This year’s Africana Night celebrated the continent’s diverse traditions.

Umoja, this year’s title for Africana night, was held in the West Plaza outside D1. Evoking the event’s title’s – unity in Swahili – the plaza was filled with stalls that each had artifacts and food from many different African countries.

Cynthia Mulindi, Class of 2018, said that one of the main goals of Africana night was to educate people about the misconceptions they may have about African countries and African people.

[We] try and show that we’re all different and that we’re not from the same culture. Different people get to know a little about the countries that are represented,” said Mulindi.

According to Trenuen Maria Natasha, Class of 2020, Umoja’s goals were met.

My favorite moments were the stalls, because people were able to talk about their countries and through this you get to learn how different countries are in their cultures, but also how in the differences you are able to appreciate the continents diversity and challenge certain stereotypes,” said Natasha.


In addition to NYU Abu Dhabi students, various dignitaries from the embassies of the represented countries, as well as students from Paris Sorbonne and individuals from the Somali Center attended.

Discussing the various dignitaries at the event, Mulindi explained that Africa Global asks students from varying countries to contact their respective embassies and invite their envoys.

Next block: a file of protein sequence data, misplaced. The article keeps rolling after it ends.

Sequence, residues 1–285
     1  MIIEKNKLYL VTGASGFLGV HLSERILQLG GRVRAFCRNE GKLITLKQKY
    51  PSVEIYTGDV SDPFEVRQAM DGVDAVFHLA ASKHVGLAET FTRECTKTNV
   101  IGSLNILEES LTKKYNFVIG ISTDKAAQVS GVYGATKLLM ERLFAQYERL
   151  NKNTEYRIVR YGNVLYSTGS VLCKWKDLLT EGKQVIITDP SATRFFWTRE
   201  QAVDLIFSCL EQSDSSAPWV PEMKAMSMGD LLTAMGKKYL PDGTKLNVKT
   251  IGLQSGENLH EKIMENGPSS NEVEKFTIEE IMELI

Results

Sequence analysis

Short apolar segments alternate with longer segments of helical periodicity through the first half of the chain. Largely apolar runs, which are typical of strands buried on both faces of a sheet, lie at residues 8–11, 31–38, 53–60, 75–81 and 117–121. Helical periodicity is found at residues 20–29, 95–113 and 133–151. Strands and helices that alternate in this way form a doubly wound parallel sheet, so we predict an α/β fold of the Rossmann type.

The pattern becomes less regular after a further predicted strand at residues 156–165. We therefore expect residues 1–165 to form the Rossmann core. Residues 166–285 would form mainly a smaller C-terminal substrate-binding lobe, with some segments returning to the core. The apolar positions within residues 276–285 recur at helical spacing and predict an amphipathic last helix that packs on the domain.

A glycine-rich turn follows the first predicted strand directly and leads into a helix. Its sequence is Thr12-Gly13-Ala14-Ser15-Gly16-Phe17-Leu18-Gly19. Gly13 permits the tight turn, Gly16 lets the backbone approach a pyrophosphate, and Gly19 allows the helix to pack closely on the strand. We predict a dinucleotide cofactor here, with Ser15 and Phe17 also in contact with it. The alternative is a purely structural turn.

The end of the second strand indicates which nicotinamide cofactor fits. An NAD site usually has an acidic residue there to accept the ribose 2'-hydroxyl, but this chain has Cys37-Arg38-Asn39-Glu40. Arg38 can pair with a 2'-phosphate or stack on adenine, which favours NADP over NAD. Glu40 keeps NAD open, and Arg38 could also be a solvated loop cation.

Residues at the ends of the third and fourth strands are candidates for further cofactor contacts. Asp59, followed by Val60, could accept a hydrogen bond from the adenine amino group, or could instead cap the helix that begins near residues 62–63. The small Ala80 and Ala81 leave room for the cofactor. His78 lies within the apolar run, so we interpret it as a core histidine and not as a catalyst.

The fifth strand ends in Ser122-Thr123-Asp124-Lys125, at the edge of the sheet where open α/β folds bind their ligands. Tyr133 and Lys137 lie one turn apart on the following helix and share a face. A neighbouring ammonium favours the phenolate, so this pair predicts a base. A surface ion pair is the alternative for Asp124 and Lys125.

If they come, they already know the students. When they come, we usually have a team member receive them,” said Mulindi

Guests and students were also presented with a pamphlet that described all the food items on the menu. The menu consisted of dishes that were served at previous Africana nights and were mostly East African.


We thought it would be nice to everyone who comes to see how they made the food and if they wanted to refer to it in the future” Mulindi said.

The night opened with a video where students explained what Africa means to them. Throughout the night, there were a variety of performances, including drumming, dancing, singing, poetry recitation, a fashion show and even a dance workshop.

In one of the highlights of the evening, guests from the Somali Center took part in the fashion show and dance performance. Students choreographed the various dances which included pair dances and group dances that depicted different dance styles from a variety of countries.

After the Kizumba dance performance, the performers led a dance workshop that invited viewers to come up and join them on the stage. As usual, the official event ended with a group dance performance.

Music blasted over the speakers for a few hours after the official conclusion of the event as everyone came together on the dance floor.

Originally published by ‘The Gazelle’, an NYUAD student publication on 03rd March, 2018.